Soon after, EDC selected Delancey Street Associates LLC, a joint venture of L+M Development Partners, BFC Partners, and Taconic Investment Partners, to build the project. Earlier this month, the developer revealed that while it had permission to build a 500-space garage, the final project will be built entirely without parking, just like most of the rest of the neighborhood. To repeat, the government wanted to build 500 parking spaces, but now that the project has been handed off to the developer, the parking garages are gone.

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Will Michael Schlein Stop NYC EDC From Subsidizing Parking?

This morning, Mayor Bill de Blasio announced the appointment of Michael Schlein as chair of the city’s Economic Development Corporation. Schlein, a Wall Street insider with close ties to the mayor, joins EDC President Kyle Kimball atop the agency’s leadership. EDC has a terrible track record of subsidizing parking garages and overseeing mega-projects with acres of excess parking. The contours of a new direction under de Blasio — perhaps one with less parking — are still taking shape.

Image: Accion

De Blasio’s nominee for EDC chair, Michael Schlein. Photo: Accion

In recent years, when EDC wasn’t financing parking construction directly, its projects often required builders to not only replace existing parking spaces as part of a new development, but also mandated more spaces than prescribed by the zoning code. The result: Gargantuan, pedestrian-hostile garages sit mostly empty in East Harlem and the Bronx, and increased development costs drive up prices in neighborhoods from the Lower East Side to Flushing.

Schlein hasn’t offered many hints about what he will do at EDC, but has said that New York should decrease its reliance on tax incentives, which EDC often uses to grease the way for parking construction. “I think we no longer need to use tax incentives to get companies and people to come to New York City,” he told the New York Times. “New York City is a magnet for talent and employees, and I completely agree with Mayor de Blasio’s view that we need to be more prudent in how we use that tool.”

Schlein replaces Victor F. Ganzi, former head of The Hearst Corporation, who has served as chairman since 2009. The board must approve all contracts and agreements, so as chair, Schlein can exercise oversight and help set the tone, but he will be less involved in day-to-day operations than Kimball.

Kimball, appointed EDC president by Mayor Bloomberg last August and kept on by de Blasio, took over from Seth Pinsky last August. “The worst thing we could do is create projects that create a parking need and then not provide that parking,” Pinsky told Streetsblog in 2010. Asked about EDC’s parking policy last year, Pinsky talked about transit without once mentioning parking.

EDC development requests in recent months haven’t included large-scale parking requirements, though it’s not clear yet if that indicates a shift at EDC or just the nature of the small lot sizes of its recent projects.

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EDC: Phased East River Greenway Gaps Set to Be Filled by 2024

Support structures built in 2004 for a temporary roadway during FDR Drive reconstruction could be reused for the esplanade. This section could open as early as 2018, with other sections opening in 2015 and 2024. Photo: EDC

For years, the Hudson River Greenway has been the star of Manhattan’s greenway network, while usage of its East River sibling has been damped by a deteriorating pathway and gaps in the route. Now, with a renewed focus on the East Side waterfront, momentum is growing to complete the greenway, even though completion is more than a decade away.

One of the most important projects is filling the greenway’s gap through Midtown, currently under study by the city’s Economic Development Corporation. Sixty percent of the $5 million planning process is funded by the United Nations Development Corporation, and the remainder is from federal, state, and city funds. A deal between the city and the United Nations, brokered by state legislation, will enable the construction of a continuous waterfront greenway from 38th Street to 60th Street.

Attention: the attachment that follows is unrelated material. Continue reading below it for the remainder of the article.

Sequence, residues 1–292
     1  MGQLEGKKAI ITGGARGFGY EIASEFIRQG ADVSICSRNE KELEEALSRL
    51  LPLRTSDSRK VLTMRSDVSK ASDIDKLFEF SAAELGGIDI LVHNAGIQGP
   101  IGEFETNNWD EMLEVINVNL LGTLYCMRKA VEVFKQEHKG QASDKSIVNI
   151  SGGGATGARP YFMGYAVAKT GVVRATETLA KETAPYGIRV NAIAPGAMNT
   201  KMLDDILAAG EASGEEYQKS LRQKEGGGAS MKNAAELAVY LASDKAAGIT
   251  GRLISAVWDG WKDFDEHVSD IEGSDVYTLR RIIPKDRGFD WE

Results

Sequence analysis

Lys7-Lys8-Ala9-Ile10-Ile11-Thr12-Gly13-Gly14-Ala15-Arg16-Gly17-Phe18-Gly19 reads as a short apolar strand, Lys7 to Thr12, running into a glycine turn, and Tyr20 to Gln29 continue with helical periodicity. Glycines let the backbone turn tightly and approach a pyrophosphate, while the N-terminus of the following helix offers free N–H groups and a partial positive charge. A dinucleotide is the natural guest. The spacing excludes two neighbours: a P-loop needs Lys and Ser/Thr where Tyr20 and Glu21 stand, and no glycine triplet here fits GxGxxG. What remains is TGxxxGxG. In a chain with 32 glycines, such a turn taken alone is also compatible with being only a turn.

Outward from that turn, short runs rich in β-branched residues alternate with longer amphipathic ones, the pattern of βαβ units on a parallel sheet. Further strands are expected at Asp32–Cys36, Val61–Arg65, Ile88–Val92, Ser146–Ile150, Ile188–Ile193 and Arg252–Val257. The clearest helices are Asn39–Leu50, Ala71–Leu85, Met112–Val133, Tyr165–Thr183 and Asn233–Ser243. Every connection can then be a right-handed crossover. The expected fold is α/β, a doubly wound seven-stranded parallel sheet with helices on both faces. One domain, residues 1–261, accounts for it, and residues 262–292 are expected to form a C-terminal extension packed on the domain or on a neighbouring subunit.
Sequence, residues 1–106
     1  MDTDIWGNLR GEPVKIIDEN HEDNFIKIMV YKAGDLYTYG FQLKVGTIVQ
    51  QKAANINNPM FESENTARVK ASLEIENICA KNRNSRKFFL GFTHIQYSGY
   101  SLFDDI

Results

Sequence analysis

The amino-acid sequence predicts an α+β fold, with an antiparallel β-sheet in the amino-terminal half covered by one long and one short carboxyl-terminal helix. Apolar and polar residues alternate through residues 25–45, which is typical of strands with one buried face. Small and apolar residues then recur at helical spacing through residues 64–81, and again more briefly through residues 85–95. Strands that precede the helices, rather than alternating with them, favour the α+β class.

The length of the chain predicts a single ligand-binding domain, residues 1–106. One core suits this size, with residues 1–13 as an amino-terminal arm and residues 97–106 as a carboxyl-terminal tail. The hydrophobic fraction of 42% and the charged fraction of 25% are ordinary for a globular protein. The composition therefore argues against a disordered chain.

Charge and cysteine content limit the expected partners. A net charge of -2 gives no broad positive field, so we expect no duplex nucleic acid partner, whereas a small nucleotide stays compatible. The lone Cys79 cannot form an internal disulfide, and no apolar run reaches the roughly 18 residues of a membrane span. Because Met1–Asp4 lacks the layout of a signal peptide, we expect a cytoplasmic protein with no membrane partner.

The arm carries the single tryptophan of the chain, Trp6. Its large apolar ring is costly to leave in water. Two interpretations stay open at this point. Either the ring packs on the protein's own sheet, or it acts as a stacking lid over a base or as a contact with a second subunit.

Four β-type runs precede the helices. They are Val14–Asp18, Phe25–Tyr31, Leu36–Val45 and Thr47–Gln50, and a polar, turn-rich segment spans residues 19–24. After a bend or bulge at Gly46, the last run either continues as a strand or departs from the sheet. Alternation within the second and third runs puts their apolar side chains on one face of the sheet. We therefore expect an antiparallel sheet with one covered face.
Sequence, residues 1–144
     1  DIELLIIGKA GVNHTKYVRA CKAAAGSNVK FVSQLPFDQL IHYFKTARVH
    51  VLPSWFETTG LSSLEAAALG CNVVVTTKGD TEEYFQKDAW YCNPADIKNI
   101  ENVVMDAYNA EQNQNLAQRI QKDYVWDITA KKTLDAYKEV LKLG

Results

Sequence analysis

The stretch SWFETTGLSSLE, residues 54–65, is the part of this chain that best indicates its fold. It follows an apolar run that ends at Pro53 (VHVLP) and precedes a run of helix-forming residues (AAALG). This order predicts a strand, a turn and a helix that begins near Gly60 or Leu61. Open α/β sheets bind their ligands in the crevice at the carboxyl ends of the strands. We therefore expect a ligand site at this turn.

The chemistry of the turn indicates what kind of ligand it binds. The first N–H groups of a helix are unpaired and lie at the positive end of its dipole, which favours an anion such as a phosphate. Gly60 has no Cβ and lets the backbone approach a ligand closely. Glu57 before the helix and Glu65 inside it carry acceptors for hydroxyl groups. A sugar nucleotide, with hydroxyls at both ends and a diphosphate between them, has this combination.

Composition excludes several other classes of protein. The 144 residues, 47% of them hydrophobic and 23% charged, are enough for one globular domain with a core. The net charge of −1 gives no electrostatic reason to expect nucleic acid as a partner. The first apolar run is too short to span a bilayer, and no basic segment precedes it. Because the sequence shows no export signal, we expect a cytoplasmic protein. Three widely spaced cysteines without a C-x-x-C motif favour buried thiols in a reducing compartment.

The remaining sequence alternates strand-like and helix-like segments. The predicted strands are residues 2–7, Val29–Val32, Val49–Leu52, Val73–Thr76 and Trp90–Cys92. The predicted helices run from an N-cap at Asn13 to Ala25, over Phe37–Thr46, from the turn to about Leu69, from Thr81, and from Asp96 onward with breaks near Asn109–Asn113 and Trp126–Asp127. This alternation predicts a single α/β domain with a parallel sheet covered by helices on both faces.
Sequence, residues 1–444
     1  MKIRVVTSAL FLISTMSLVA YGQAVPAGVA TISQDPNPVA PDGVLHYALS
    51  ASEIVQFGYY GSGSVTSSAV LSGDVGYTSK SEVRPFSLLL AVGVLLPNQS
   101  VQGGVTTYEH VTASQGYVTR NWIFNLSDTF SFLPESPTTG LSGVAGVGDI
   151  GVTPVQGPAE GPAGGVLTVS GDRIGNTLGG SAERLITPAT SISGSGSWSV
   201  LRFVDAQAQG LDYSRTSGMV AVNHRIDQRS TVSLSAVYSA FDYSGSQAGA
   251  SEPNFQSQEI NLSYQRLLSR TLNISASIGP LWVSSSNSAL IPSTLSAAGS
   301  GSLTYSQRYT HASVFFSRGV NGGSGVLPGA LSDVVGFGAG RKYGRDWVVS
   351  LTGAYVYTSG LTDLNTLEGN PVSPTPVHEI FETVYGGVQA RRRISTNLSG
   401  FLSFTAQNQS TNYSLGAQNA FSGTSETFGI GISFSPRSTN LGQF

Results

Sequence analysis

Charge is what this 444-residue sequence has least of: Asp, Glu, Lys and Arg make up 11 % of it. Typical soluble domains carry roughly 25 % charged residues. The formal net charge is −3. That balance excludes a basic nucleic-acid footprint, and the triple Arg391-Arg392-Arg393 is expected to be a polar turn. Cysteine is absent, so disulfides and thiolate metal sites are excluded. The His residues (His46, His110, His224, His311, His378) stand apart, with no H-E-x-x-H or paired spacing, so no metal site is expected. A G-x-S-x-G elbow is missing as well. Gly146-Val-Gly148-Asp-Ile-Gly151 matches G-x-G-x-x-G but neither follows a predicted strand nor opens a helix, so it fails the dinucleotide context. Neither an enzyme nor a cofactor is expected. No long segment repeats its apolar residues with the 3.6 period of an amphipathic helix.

Last night, EDC hosted a meeting with the project’s community working group, and revealed some new information about the timeline for completing the greenway’s missing link.

To extend the greenway north from 38th to 41st Streets, $13 million from Con Edison would restore a deteriorating structure that the utility used for fuel deliveries, known as Waterside Pier, along a roughly 45-foot wide route that would open to the public in 2015. The greenway past the United Nations campus would be the last to open, in 2024, and the design would have to address security concerns likely to restrict access to First Avenue.

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Why the Next Mayor Should Reform the Parking-Obsessed NYC EDC

For an investigation published this weekend, the New York Times calculated that governments in New York state give away at least $4.06 billion in corporate subsidies every year. In New York City, the agency that oversees much of this largesse is the Economic Development Corporation. And when it comes to shaping city fabric, NYC EDC has a predilection for showering its subsidies on a specific type of project: the kind with tons of parking.

NYC EDC gave the politically-connected operators of this parking garage in Jamaica, Queens, a slew of tax exemptions. Photo: Google Street View

So when Comptroller John Liu suggested at a mayoral candidates forum last week that all business subsidies should be eliminated, along with the city’s Industrial Development Agency (the arm of EDC that oversaw the Yankee Stadium garage debacle, among other things), he struck on an idea that could do a world of good for NYC’s walkability.

EDC has a hand in many things, from training small business start-ups to encouraging the installation of solar panels, but its biggest imprint on the city comes from large-scale real estate development and financing deals that shape the built environment. EDC projects like the parking-saturated Gateway Center in the South Bronx are completely out of step with the Bloomberg administration’s professed intent to reduce greenhouse gas emissions.

While NYC DOT has helped carry out the city’s sustainability goals by redesigning city streets to enhance walking, biking, and transit, EDC has continued to insist on a car-oriented development strategy that produces large volumes of parking and hostile streets for walking. “The worst thing we could do,” EDC President Seth Pinsky told Streetsblog in 2010, “is create projects that create a parking need and then not provide that parking.”